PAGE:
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  • Showing 1 - 10 of 31

    The Evolution of the InSight Landing Site Project The InSight lander settled safely onto the Martian surface in western Elysium Planitia (4.502°N, 135.623°E) in November, 2018, and started collecting information about the surface and interior of Mars shortly thereafter. Read more QCD Discoveries Shed New Light on Northern Lowlands Geological Age Project

    The smooth, flat, relatively crater-free northern lowlands fit the profile of a young geologic surface; However, recent findings of buried basin depressions imply the underlying lowlands crust is not as young as previously thought, but ancient like t

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    Shorelines on Mars Project Some features on Mars have been interpreted to be shorelines around former lakes or oceans. We are examining the proposed Martian shoreline features using recent imaging data. Read more Martian TARs Project Transverse Aeolian Ridges (TARs) are wind-produced landforms on Mars that may be either large ripples or small sand dunes. Ripples form in a very different way than dunes, so it is important to determine which these features are. Read more Age and Characteristics of Martian Valley Networks Project Valley networks are frequently cited as the best evidence that liquid water once existed on Mars. Currently, we are examining valley networks in other areas of Mars with the goal of understanding potential global and regional climatic differences. Read more Mauna Loa (1907 Lava Flow) Project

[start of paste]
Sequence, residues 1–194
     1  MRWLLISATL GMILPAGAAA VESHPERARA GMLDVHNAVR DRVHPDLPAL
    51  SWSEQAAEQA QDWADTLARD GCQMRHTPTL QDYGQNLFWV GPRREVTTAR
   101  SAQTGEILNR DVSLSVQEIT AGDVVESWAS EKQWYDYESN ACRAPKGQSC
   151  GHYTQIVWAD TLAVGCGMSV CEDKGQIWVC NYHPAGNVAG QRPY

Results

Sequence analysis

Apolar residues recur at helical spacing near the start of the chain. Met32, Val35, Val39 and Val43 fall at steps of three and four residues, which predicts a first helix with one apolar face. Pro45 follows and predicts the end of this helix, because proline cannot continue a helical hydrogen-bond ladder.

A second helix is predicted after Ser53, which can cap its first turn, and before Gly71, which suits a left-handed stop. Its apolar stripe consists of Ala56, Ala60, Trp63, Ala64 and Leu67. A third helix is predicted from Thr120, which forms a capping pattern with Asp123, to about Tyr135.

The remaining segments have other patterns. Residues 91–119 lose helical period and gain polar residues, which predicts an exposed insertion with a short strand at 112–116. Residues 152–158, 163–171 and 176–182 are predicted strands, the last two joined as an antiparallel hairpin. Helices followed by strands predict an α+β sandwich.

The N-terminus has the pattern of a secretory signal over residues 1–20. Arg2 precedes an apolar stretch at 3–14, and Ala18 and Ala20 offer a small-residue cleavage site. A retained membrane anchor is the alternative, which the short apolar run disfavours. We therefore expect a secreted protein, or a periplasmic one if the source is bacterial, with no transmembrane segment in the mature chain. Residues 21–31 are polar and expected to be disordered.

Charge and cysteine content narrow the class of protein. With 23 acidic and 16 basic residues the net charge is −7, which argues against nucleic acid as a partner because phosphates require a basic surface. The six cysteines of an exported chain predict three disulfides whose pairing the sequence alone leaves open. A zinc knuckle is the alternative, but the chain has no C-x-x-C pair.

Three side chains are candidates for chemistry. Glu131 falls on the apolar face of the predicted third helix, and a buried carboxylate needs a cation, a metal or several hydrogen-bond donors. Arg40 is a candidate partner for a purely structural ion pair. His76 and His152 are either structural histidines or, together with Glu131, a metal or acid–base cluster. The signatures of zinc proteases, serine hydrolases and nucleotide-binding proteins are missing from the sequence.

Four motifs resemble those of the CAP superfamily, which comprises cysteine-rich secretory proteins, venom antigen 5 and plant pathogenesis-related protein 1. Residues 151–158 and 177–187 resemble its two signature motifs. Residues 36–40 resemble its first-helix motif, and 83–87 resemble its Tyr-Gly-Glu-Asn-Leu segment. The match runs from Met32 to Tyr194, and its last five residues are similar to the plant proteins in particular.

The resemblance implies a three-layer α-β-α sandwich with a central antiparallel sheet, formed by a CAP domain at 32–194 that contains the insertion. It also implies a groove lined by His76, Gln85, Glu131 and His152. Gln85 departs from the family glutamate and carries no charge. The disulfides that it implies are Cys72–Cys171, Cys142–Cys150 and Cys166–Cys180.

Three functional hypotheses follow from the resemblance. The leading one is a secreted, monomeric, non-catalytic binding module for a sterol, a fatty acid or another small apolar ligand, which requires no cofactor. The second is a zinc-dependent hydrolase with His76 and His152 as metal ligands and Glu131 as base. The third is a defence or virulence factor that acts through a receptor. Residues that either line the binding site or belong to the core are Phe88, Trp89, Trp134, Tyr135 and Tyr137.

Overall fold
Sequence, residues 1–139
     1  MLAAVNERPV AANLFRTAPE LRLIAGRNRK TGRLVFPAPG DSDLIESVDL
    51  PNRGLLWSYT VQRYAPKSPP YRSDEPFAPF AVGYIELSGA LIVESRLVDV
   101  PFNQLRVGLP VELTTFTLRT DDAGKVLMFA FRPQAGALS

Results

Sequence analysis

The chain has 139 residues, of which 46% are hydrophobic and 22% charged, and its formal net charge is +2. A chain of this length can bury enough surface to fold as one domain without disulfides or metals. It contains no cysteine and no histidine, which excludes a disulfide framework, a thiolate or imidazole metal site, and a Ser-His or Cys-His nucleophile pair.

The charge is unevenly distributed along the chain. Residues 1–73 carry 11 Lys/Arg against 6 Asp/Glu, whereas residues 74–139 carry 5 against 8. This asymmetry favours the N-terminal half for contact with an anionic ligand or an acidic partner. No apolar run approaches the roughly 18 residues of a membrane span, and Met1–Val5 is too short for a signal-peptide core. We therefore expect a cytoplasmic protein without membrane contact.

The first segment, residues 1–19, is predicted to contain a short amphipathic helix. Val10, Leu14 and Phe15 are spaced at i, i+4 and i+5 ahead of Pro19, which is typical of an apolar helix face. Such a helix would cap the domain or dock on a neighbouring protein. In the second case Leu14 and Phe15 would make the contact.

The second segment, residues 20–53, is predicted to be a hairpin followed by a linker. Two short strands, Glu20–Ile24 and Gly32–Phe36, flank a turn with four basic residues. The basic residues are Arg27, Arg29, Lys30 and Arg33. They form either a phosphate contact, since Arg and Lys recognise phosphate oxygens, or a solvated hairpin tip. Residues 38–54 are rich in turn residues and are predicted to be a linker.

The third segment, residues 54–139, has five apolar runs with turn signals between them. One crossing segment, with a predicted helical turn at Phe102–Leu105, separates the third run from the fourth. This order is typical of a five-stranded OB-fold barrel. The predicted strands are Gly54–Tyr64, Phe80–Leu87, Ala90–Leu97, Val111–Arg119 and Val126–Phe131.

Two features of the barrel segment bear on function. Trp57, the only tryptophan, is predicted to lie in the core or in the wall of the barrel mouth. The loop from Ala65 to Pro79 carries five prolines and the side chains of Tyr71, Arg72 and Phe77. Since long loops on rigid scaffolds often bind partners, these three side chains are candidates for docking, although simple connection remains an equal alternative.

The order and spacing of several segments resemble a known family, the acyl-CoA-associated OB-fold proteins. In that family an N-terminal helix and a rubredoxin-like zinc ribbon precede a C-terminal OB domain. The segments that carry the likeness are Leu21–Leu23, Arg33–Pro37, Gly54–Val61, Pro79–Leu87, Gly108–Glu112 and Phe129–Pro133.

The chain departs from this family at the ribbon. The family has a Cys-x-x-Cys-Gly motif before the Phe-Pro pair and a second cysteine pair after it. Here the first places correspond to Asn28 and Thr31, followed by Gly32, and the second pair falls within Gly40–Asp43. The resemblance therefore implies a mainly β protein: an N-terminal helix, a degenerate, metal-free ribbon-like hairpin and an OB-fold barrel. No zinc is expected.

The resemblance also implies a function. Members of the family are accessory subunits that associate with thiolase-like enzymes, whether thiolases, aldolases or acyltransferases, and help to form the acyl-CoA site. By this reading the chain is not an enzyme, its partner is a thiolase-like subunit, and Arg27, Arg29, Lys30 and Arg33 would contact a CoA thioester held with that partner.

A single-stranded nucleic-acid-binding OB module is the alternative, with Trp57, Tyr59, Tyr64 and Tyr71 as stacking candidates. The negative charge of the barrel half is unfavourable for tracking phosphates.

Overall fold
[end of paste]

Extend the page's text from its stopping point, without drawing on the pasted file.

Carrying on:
Mauna Loa is the largest active volcano on Earth. New studies have provided insights into the emplacement processes for recent lava flows.

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    Young Fault Scarps on the Moon Project The distribution and character of lobate scarps on the Moon indicate that the most likely reason for their formation is global contraction of the Moon caused by interior cooling. Read more Selima Sand Sheet Dynamics and Landscape Evolution (Egypt) Project

    The southern region of Egypt where the Selima Sand Sheet is located was wetter and inhabited in the past. Now it is an uninviting monotonous, dry, vegetation-free expanse. We are examining this evolution.

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    Terrestrial Field Studies in the Simpson Desert, Australia Project

    Linear dunes are the most common dune forms on Earth, and they appear on all terrestrial planets that have an atmosphere, yet scientists still do not have a clear understanding as to how they form.

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    Light-toned layered deposits in Crater Terby and the Greater Hellas Region, Mars Project

    The physical and chemical nature of the light-toned layered deposits in Terby crater are consistent with deposition of material in a large, standing body of water much earlier in Mars' history.

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